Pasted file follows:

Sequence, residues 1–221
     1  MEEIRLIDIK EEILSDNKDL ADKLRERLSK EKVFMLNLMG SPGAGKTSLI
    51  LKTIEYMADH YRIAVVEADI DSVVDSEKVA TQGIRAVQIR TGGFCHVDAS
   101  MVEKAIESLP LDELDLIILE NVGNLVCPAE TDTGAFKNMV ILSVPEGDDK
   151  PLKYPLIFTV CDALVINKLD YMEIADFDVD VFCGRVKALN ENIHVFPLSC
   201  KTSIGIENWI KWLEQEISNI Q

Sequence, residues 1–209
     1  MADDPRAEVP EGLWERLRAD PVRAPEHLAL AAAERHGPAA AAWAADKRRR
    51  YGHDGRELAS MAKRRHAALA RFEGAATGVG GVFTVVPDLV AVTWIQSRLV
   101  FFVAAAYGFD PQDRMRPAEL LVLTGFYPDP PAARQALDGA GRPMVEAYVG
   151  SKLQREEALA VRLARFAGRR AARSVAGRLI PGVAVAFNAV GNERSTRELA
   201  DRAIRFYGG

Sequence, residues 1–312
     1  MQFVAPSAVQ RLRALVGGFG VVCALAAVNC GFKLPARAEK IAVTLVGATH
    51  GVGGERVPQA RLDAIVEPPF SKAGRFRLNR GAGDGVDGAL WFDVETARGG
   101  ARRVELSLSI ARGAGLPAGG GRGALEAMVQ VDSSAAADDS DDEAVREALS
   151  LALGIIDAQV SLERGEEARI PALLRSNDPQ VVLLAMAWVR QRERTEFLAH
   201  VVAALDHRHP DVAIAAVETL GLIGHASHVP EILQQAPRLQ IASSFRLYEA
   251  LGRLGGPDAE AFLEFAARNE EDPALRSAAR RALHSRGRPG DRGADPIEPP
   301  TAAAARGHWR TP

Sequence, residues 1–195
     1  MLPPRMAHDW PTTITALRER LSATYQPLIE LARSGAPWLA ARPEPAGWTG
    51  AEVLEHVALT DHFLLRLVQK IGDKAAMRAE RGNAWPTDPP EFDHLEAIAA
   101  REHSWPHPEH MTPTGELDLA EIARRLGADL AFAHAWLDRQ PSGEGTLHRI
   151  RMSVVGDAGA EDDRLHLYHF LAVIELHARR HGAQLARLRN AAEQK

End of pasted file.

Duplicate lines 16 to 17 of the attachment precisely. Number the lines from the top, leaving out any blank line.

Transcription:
   101  ARRVELSLSI ARGAGLPAGG GRGALEAMVQ VDSSAAADDS DDEAVREALS
   151  LALGIIDAQV SLERGEEARI PALLRSNDPQ VVLLAMAWVR QRERTEFLAH